> Anyway, im trying to figure out where the guy got out of the
> chamber when he was done, that triangular block behind Schoch's
> head does not seem to line up with its opposite block, was that
> the plasterer's escape hole ?
> I cant imagine them leaving a complete ceiling block open for
> his escape route, as how would they know that last beam didn't
> badly crack when they finally lowered it.
> Also while im here, you can see the apex joint is open, and a
> couple of the white drip marks are in line with the apex
> opening, did something drip through from above, and do we know
> if there is another set of beams overlaying the first set, like
> the double set of the original opening of G1,
In the attached photo by Dowell, notice the upper, recessed triangular part of the wall with "2nd Gen. Hosp." on it, not the lower, closer block. That is one of the two Great Walls described by Petrie and are not part of the integral structure of the Relieving Chambers. While the builders were constructing the RCs, consider that the surrounding upper courses of G1 had not yet been constructed. Therefore, once the roof beams were completed on Campbell's chamber, there was plenty of open room to escape, since those east and west Great Wall blocks had not yet been installed. Petrie and everyone else commented on the little sockets in the tops of some of the floor beams and which were proposed to hold temporary beams that supported the roof blocks during the construction process. Therefore, once everything was completed in the RCs but BEFORE the Great Wall blocks were installed to seal everything in, there was plenty of room to remove those temporary support beams and any workers before dealing up the assembly by building up those courses on the Great Walls. See?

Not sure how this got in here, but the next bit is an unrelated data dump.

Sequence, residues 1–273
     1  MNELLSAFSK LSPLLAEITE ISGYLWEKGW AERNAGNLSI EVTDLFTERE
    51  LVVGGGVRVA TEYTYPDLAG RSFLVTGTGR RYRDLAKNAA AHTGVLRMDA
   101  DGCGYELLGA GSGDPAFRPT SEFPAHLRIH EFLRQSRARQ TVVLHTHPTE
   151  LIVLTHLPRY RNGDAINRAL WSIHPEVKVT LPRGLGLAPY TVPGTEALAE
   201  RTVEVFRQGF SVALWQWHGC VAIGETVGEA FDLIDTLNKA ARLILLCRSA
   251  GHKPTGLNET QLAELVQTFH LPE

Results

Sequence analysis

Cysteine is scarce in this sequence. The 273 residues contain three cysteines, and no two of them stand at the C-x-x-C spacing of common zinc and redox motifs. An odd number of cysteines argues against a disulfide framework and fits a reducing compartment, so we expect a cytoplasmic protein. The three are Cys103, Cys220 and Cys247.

How can any of us ever know, when all we can do is think?